about general news and current affairs topics a conversation took place as
             follows:

             Mr McGuire said: “What are we going to do about Jessica? When should we
             bone her? I reckon it should be next week.”

             By Jessica, McGuire was referring to Jessica Rowe, the presenter of The Today
             Show program.




Scoop! Crikey’s Top 10 Leaks
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     The Llewellyn story didn’t really end happily for anyone. Jessica Rowe was eventually
     boned. Later, Eddie also left the building. The biggest survivor has been the entry of
     the verb “to bone” into the mainstream Australian lexicon. It’s now got its own Urban
     Dictionary entry. It spawned a Billy Birmingham CD of the same name. And a novel.
     Crikey even made a t-shirt out of it.




     The original story: “The affidavit Nine didn’t want you to see”, 26 June 2006.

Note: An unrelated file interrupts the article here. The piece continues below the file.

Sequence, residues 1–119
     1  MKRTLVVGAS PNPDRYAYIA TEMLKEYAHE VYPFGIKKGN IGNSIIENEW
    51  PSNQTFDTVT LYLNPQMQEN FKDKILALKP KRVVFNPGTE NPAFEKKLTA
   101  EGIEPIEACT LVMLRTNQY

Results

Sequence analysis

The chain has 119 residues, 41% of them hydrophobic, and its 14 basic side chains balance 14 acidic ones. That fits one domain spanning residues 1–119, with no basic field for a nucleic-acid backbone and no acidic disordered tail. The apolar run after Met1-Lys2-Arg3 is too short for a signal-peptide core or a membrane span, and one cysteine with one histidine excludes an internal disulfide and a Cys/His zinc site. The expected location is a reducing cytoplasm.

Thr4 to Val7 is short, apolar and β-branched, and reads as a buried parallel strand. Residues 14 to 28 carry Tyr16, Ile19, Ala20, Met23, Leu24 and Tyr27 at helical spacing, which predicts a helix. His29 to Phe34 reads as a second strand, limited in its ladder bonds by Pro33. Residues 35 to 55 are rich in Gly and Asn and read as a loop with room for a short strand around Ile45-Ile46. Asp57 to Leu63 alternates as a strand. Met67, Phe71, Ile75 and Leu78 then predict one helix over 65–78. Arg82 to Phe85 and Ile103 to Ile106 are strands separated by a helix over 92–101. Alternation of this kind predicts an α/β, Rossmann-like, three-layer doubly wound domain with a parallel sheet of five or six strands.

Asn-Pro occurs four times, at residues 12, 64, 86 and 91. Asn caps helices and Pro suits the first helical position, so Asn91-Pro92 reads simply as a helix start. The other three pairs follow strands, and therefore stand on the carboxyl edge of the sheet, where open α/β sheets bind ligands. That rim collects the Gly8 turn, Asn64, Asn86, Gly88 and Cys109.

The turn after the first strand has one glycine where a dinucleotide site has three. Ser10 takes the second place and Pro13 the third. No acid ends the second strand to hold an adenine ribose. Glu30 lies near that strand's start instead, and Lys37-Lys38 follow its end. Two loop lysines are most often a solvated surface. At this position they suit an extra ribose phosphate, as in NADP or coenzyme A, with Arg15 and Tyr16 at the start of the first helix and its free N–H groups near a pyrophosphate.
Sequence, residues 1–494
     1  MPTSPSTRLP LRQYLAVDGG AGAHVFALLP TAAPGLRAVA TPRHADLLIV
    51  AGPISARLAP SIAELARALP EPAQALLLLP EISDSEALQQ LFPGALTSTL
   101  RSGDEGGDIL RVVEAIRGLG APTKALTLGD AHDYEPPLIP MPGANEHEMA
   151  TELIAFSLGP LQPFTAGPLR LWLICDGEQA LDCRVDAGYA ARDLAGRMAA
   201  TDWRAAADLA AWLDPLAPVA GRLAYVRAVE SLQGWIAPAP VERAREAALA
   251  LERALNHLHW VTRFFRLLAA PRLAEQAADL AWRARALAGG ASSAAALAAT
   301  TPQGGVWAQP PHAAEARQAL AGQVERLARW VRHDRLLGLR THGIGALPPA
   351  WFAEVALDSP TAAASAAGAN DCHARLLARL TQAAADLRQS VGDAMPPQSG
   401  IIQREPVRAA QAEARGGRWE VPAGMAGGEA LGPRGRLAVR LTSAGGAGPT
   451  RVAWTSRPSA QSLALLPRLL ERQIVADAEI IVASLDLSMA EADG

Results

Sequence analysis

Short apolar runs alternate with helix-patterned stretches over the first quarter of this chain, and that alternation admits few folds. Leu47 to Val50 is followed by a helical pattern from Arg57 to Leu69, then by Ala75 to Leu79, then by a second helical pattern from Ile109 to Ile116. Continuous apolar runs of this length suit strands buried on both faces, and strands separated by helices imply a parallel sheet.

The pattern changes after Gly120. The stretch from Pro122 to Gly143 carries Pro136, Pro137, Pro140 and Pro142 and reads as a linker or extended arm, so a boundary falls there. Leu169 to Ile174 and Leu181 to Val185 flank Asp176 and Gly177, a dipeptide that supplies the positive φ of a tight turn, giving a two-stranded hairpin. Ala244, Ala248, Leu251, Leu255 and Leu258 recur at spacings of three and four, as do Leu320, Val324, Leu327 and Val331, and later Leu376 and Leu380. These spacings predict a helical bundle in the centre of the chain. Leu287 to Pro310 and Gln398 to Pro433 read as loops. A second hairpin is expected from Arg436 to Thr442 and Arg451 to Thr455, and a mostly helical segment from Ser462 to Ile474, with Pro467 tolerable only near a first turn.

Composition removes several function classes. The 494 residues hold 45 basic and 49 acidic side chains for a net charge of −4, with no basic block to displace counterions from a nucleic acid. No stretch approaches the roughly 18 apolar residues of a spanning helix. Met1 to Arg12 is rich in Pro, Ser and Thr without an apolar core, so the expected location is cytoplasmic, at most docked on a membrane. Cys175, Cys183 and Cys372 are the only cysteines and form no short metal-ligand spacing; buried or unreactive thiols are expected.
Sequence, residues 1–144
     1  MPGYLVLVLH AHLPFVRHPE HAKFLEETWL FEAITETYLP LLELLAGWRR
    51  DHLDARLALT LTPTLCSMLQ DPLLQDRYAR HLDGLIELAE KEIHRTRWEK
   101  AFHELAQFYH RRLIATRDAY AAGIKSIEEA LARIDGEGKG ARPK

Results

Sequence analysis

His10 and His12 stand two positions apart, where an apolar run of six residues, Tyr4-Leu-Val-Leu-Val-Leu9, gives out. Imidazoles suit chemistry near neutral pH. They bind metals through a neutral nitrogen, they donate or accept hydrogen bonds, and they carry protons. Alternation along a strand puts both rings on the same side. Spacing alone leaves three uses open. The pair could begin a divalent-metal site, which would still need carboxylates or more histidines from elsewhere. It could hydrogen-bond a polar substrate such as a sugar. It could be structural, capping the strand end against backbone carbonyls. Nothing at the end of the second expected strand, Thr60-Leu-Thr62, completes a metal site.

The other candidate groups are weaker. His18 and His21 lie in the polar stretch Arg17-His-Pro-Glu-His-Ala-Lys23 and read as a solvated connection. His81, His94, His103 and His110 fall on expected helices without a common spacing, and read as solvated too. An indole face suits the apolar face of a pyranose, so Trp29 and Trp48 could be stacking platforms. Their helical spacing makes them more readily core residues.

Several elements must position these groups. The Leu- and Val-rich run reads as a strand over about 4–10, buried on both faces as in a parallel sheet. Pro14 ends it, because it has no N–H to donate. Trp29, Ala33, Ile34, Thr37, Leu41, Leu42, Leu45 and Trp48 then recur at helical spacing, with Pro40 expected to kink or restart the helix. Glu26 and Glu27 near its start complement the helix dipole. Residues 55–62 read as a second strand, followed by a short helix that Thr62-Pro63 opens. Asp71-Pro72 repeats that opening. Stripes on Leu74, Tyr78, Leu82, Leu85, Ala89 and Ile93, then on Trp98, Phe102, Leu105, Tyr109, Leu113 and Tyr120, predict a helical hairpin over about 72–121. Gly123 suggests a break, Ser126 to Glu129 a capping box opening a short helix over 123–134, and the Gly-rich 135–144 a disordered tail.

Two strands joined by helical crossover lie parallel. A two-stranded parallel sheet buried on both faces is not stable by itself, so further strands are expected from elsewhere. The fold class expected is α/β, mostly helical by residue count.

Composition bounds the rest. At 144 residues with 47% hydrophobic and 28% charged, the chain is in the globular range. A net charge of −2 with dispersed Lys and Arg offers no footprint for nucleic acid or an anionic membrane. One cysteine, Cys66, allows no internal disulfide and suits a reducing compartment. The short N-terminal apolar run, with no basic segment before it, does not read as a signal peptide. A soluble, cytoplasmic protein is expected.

Scoop! Crikey’s Top 10 Leaks
Independent news, blogs and commentary on politics, media, business, the environment and life.




     2
             Rupert’s Bermudan tax haven

           Although Crikey has covered its favourite media mogul Rupert Murdoch in a
     myriad of ways over the last decade, the leak that revealed the listing of an $8 billion
     family interest in News Corp on the Bermudan Stock Exchange was a cracking yarn,
     says Stephen Mayne. “The move dodged more than $50 million in Australian stamp
     duty. Even The Australian followed it up.”

     The prospectus lodged with the Bermuda Stock Exchange on October 22, 2004 –
     leaked to Crikey – showed the extent to which Murdoch was willing to go to avoid
     Australian taxes.

     The “float” of Karlholt, the holding company for the Murdoch family assets, was bizarre
     to say the least. There were only 10 shares on offer. And they were priced at $880
     million each. Wrote Mayne at the time, “surely this makes shares in Karlholt the most
     expensive in the history of capitalism”. The shares, unsurprisingly, had never traded
     – and were unlikely to trade in the future, despite their listing on the Bermuda Stock
     Exchange.

     As The Guardian noted in a follow up of the story, it was part of Murdoch’s much wider
     tax avoidance strategies. In fact, the Bermudan tax deal was done a week before